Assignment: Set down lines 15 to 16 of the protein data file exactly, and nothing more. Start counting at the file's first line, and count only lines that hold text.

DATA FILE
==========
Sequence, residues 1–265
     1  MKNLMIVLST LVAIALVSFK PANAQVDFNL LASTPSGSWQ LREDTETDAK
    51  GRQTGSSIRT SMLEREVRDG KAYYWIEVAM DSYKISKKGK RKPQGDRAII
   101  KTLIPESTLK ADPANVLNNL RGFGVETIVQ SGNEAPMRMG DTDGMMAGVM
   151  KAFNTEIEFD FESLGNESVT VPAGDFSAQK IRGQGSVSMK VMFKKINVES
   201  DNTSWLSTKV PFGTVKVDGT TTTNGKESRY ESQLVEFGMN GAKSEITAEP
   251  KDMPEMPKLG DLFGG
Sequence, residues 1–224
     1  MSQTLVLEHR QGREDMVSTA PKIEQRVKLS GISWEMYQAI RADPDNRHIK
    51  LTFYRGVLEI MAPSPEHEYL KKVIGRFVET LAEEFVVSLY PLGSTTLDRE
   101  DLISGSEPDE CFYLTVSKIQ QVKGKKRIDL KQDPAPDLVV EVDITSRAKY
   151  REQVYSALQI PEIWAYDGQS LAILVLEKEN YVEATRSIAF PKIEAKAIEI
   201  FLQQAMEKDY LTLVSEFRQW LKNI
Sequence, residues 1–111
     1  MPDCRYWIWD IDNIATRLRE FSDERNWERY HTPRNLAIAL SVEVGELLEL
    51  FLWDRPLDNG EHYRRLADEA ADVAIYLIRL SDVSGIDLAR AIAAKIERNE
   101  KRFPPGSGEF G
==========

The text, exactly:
     1  MPDCRYWIWD IDNIATRLRE FSDERNWERY HTPRNLAIAL SVEVGELLEL
    51  FLWDRPLDNG EHYRRLADEA ADVAIYLIRL SDVSGIDLAR AIAAKIERNE